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Mark Satchwill

Artist's Interview

How long have you been creating?
Well, since my childhood. I showed an aptitude for drawing and painting from a young age and was lucky enough to have teachers who recognised it and encouraged me. Art was my favourite subject at school and the art room was the hang out of my friends and I. I drew all the time, doodling and sketching and decided I wanted to be an artist when I was quite young. Most people thought I would go into fashion but that wasn't really what I wanted, though it was an interest.
What is your medium of choice?
Watercolour. I work almost exclusively in watercolour now. I started using watercolour and gouache at school and I've stuck with them over the years. I found I could get the results I wanted with them and I could work fairly quickly, which I prefer. It's not really highly valued as a medium which is a shame.
What are your motivations for creating?
Hmm, that's quite a tough question. There is the obvious thrill from creating something - being able to present something and say "I made that!". I particularly enjoy painting portraits so each time I begin one there is the excitement and challenge of capturing not only a likeness but something of the person's character. Can I do it? Will they like it? The thrill of a sale. The sting of criticism. Money is a motive, to a certain extent. Personal expression is pretty low on the list - I don't use my art to express my feelings, not consciously anyway - of course, you can look at my work and maybe get some idea of who I am but my work is more about other people and their characters and image and personalities. I guess I also create to be happy - to enjoy myself, to have fun.
What other artists and movements inform your work?
Portrait artists such as Holbein, Sargent, Hockney. I always loved artists such as Edward Burne-Jones, J.W. Waterhouse. Mucha and Klimt, and Illustrators like Rackham, Dulac and Beardsley. I like the photographers Pierre and Gilles, David LaChappelle and I also like kitschy stuff, religious art, film posters and pulp book covers. Also fashion designers Like Vivienne Westwood and Gaultier, as well a a myriad of images of pop stars and movie stars.
What do you find stimulating right now? How does this influence your creative process?
Well, faces are always what has most prompted me to pick up a pencil or paintbrush, and that's still true. Artist-wise I like Mark Ryden and Terry Strickland.
Read anything good lately?
I've been re-reading a lot - Antonia Fraser's "Marie Antoinette", because I've been working on a series of paintings of her and other figures from the period of the French Revolution and Philip Pullman's "Northern Lights" - I am thinking of doing some work based on this one too. It 's set in a parallel world, very similar to our own, except people have what are called daemons, a companion in the shape of an animal (they are essentially their soul). Children are being abducted, for reason unknown, and a young girl, Lyra, loses a friend and goes in search of the truth. Intelligent and beautifully written, and bursting with ideas and invention.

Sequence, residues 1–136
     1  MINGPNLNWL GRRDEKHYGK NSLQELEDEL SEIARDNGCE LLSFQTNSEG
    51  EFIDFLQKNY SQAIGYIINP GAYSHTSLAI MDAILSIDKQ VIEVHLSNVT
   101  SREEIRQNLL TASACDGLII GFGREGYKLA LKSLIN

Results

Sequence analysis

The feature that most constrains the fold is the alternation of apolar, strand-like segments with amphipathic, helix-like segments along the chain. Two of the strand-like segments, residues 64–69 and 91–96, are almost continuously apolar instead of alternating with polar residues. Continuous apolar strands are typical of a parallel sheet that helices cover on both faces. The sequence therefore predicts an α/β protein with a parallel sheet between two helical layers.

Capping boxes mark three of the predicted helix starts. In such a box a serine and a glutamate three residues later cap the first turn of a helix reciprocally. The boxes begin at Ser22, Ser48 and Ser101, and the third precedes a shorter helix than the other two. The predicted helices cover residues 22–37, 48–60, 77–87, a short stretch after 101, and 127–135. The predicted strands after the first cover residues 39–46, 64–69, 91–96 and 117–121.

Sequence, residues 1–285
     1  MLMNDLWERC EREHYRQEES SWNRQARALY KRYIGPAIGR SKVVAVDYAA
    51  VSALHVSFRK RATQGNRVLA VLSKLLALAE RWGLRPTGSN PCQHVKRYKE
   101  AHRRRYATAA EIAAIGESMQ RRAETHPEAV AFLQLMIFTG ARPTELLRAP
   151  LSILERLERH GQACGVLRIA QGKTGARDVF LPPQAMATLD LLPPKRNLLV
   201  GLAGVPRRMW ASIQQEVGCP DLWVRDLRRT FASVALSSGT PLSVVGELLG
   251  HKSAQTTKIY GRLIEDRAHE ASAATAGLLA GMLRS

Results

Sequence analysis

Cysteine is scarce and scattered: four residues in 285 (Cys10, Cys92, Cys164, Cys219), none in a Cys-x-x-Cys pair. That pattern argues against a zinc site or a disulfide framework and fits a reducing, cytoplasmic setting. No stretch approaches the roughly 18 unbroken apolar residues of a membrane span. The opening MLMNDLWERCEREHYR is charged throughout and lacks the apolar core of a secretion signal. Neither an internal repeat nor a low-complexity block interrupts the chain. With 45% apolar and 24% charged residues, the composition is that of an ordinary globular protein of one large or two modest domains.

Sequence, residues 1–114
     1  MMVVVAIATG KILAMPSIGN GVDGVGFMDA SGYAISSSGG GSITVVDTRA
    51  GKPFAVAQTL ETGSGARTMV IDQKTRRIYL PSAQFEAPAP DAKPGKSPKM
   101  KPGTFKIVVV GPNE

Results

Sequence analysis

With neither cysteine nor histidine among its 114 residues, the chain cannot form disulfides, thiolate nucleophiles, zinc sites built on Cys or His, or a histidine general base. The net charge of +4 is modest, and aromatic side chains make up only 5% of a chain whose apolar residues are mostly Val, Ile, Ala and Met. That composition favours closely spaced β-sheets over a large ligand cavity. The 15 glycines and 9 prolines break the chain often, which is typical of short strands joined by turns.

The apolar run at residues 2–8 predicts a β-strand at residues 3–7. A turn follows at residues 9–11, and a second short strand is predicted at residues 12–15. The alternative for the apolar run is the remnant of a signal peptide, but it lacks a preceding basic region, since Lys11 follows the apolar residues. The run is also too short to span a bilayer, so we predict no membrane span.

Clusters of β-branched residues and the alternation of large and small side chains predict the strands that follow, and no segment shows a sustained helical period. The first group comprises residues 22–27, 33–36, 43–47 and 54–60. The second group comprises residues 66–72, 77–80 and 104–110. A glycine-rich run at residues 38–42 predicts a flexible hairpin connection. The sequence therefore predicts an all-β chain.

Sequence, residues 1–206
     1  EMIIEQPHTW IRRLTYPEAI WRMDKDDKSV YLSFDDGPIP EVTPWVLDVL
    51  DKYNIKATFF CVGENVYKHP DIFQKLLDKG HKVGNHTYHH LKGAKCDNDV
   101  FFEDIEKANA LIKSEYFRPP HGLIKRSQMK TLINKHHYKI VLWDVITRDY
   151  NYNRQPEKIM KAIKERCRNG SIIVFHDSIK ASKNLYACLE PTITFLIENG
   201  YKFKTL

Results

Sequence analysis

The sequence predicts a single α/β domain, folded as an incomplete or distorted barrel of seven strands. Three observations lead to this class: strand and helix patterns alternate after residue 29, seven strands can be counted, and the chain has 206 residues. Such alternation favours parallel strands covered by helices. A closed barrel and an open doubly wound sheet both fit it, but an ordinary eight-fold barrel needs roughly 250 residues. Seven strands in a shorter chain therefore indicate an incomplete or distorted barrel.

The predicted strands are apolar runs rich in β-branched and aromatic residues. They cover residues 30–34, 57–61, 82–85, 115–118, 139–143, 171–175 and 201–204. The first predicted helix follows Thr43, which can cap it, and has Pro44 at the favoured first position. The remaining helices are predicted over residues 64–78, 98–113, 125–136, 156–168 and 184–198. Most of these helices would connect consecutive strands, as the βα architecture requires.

What are some of your artistic goals for the future?
Well, I started painting seriously at the end of 2005 - though I finished my degree in 1989 I had only painted sporadically having become disillusioned and losing confidence. I'd had an exhibition in 2000 but then had dropped it again and had not painted for five years. I had another exhibition, a small portrait based one early in 2006 then was at a loss. it was only in November I began selling online, so less than a year ago. So my artistic goals for 2007 were pretty simple - just to keep going!! I just want to keep painting really - no big ambitions, just to make a living as an artist. I think that's hard enough. I'd like to do more portraits and I'd like to do some larger pieces - this year I've worked small ACEO size a lot. I want to continue my historical portrait series of ACEO's, and maybe do a series based on Saints.
What would you like your fellow EBSQ artists and collectors to know about you and or your work?
That I've had a great time at EBSQ so far - lots of very talented and friendly people, lots of good information and the shows are great fun too. That I hope I can continue to produce work that's interesting and beautiful and of merit and that I hope they will continue to come and look at it.

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